Eduardo D. Sontag
Department of Mathematics and Center for Quantitative Biology
Qualitative features of transient responses
A case study: scale-invariance
November 10, 2015
An ubiquitous property of sensory systems is "adaptation": a step increase in stimulus triggers an initial change in a biochemical or physiological response, followed by a more gradual relaxation toward a basal, pre-stimulus level. Adaptation helps maintain essential variables within acceptable bounds and allows organisms to readjust themselves to an optimum and non-saturating sensitivity range when faced with a prolonged change in their environment. It has been recently observed that some adapting systems, ranging from bacterial chemotaxis pathways to signal transduction mechanisms in eukaryotes, enjoy a remarkable additional feature: scale invariance or "fold change detection" meaning that the initial, transient behavior remains approximately the same even when the background signal level is scaled.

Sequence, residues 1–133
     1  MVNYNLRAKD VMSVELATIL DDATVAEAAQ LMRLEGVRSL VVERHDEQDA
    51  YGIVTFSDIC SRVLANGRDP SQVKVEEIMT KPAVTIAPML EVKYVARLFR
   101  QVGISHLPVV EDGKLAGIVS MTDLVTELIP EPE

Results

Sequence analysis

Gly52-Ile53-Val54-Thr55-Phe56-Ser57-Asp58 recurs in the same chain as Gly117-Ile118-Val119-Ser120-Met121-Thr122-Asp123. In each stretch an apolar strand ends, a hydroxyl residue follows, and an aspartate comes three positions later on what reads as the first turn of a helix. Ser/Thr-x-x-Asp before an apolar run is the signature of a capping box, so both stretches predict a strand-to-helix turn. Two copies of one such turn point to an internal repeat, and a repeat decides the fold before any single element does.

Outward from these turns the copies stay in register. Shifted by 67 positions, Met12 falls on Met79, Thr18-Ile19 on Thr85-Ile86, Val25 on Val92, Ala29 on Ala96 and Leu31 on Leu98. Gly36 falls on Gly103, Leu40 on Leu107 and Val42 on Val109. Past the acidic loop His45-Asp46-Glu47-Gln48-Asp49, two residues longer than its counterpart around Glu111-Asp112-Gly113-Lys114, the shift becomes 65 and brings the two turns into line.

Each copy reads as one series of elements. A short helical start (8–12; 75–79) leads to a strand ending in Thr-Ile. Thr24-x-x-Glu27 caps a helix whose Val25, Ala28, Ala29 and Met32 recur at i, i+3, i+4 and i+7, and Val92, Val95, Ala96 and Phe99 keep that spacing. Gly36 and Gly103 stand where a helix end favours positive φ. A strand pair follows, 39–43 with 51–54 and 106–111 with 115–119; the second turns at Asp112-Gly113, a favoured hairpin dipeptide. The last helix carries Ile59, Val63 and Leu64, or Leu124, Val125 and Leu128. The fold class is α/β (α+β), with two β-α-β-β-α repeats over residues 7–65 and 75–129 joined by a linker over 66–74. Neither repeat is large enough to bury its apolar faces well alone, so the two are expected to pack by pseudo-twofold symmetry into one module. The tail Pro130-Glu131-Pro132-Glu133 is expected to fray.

I will review the biological phenomenon, and formulate a theoretical framework leading to a general theorem characterizing scale invariant behavior by equivariant actions on sets of vector fields that satisfy appropriate Lie-algebraic nondegeneracy conditions. The theorem allows one to make experimentally testable predictions, and I will discuss the validation of these predictions using genetically engineered bacteria and microfluidic devices, as well their use as a "dynamical phenotype" for model invalidation. I will conclude by briefly engaging in some wild and irresponsible speculation about the role of the shape of transient responses in immune system self/other recognition and in evaluating the initial effects of immunotherapy.